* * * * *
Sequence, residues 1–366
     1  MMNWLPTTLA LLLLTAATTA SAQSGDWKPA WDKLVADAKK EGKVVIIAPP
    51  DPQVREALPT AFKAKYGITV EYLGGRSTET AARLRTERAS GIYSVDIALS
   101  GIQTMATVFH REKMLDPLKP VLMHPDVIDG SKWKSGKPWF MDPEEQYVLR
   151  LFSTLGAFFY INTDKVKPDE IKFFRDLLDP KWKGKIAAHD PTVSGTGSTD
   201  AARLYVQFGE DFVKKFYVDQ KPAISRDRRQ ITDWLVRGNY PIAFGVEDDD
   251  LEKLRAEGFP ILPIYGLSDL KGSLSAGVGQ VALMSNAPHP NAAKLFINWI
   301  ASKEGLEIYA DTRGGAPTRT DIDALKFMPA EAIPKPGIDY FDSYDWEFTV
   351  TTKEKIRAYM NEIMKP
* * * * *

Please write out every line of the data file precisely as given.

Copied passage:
Sequence, residues 1–366
     1  MMNWLPTTLA LLLLTAATTA SAQSGDWKPA WDKLVADAKK EGKVVIIAPP
    51  DPQVREALPT AFKAKYGITV EYLGGRSTET AARLRTERAS GIYSVDIALS
   101  GIQTMATVFH REKMLDPLKP VLMHPDVIDG SKWKSGKPWF MDPEEQYVLR
   151  LFSTLGAFFY INTDKVKPDE IKFFRDLLDP KWKGKIAAHD PTVSGTGSTD
   201  AARLYVQFGE DFVKKFYVDQ KPAISRDRRQ ITDWLVRGNY PIAFGVEDDD
   251  LEKLRAEGFP ILPIYGLSDL KGSLSAGVGQ VALMSNAPHP NAAKLFINWI
   301  ASKEGLEIYA DTRGGAPTRT DIDALKFMPA EAIPKPGIDY FDSYDWEFTV
   351  TTKEKIRAYM NEIMKP